Christ in the Gospels

Several weeks ago, a series of articles discussed how Christ can be seen, and was understood within Second Temple Judaism in the Old Testament.  A companion series discussing how Christ is seen in the New Testament may seem counter-intuitive due to its apparently obvious nature.  This is particularly true of Christ in the gospels, which are quite obviously entirely about our Lord Jesus Christ.  However, the core of that previous series was developing the way in which Second Temple Judaism had come, through careful attention to the text of the Hebrew Bible, to see God as a godhead of two or more persons even before the incarnation of Christ.  This then provided those to whom Christ came with the means to understand his divine identity and relationship to God the Father.  This is important, because there had come to be an understanding of 1st century Judaism which assumed that later unitarian monotheism, the idea that the one God is also only one person, was the generally held belief.  If this is assumed, then the emergence of the doctrine of the Holy Trinity in general, and the deity of Christ in particular, become a problem that has to be solved.  How could Jews who were unitarian monotheists have begun to worship Jesus Christ as God?

In response to this, scholars who have accepted this incorrect presupposition and otherwise marginalized the Old Testament evidence, have set forth all manner of conjectures regarding how this supposed ‘transition’ came about.  Some, for example, have argued that the doctrine of the Holy Trinity is some sort of ‘compromise’ between monotheism and paganism.  Probably the most influential approach, championed by the likes of Barth Ehrman, but found even in the writings of many Orthodox scholars, is the idea that the understanding of Christ’s divinity and the doctrine of the Holy Trinity evolved over time.  This is not just stretched out over the first three centuries of Christian history, but is read into the text of the New Testament itself.  So, for example, it is supposed that St. Mark’s Gospel, taken almost universally as the earliest, presents a purely human Jesus.  St. John’s Gospel, on the other hand, taken almost universally to be the last, is pushed forward as late as possible, as it clearly teaches a Jesus who is divine.  This is done likewise with the epistles and other texts of the New Testament to arrange them into this evolutionary picture where, depending on one’s perspective, either the idea of Jesus as God developed, or came to be understood.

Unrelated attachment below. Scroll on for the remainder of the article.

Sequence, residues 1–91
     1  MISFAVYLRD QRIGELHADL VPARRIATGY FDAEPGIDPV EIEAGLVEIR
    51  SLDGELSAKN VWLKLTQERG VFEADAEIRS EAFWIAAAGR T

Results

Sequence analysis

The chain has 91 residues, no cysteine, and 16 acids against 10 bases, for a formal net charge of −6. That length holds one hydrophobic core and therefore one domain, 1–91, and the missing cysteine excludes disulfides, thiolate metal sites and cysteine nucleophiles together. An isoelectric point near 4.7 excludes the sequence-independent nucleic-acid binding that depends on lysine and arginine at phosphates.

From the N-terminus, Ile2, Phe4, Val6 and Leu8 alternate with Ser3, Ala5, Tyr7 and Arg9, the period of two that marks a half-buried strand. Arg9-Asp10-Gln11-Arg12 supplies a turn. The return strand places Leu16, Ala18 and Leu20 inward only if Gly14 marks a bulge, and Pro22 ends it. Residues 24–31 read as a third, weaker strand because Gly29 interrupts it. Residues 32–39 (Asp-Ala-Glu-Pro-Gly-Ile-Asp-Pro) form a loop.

Knowing, however, that Second Temple Judaism firmly embraced the idea of a ‘second power in heaven’, or a second hypostasis of the God of Israel, and even identified this figure with the coming Messiah (as in 1 Enoch), we should come to the New Testament texts expecting to find something very different.  Specifically, we should expect that the New Testament authors would, rather than arguing for a new theological idea of the nature of God, or struggling to understand some reality which has been revealed to them which is beyond their current paradigm, presenting Christ as a hypostasis of Yahweh, the God of Israel, who is become incarnate.  Further, we should expect to find this throughout the New Testament literature, not as a product or feature of ‘development’ in early Christian theologizing.  This is historically necessitated by the reality of early Christian persecution.  It is hard to imagine thousands of people being quickly convinced of a radical new, humanly produced idea to the point that they were willing to suffer and even die for it.  As will be seen in this series, it is also exactly what we find when we read the New Testament texts carefully.

As previously mentioned, in the Gospel According to St. John, Christ is clearly, repeatedly, and unambiguously identified as Yahweh, the God of Israel, through his own words.  As on example, in John 8, Christ states to his Jewish interlocutors that Abraham rejoiced to see his day.  They respond that Jesus is not even 50 years old, so how could he have known Abraham?  He answers, “Truly, truly I say to you, before Abraham was, I am.”  His meaning is very clear to his audience, as they immediately pick up stones in order to execute him for blasphemy (v. 56-59).  This simple clarity in St. John’s Gospel is often then contrasted with the other three gospels, the synoptics.  It is pointed out that there are no such clear statements made by Jesus in these three texts, and this is sometimes even used to cast doubt on whether such statements could ever have come from Christ’s mouth historically.  The difference here, however, is not a difference in content or purpose.  St. John is not presenting to us a different Jesus than St. Matthew, St. Mark, or St. Luke.  It is, rather, a difference in approach in the means of communicating that content.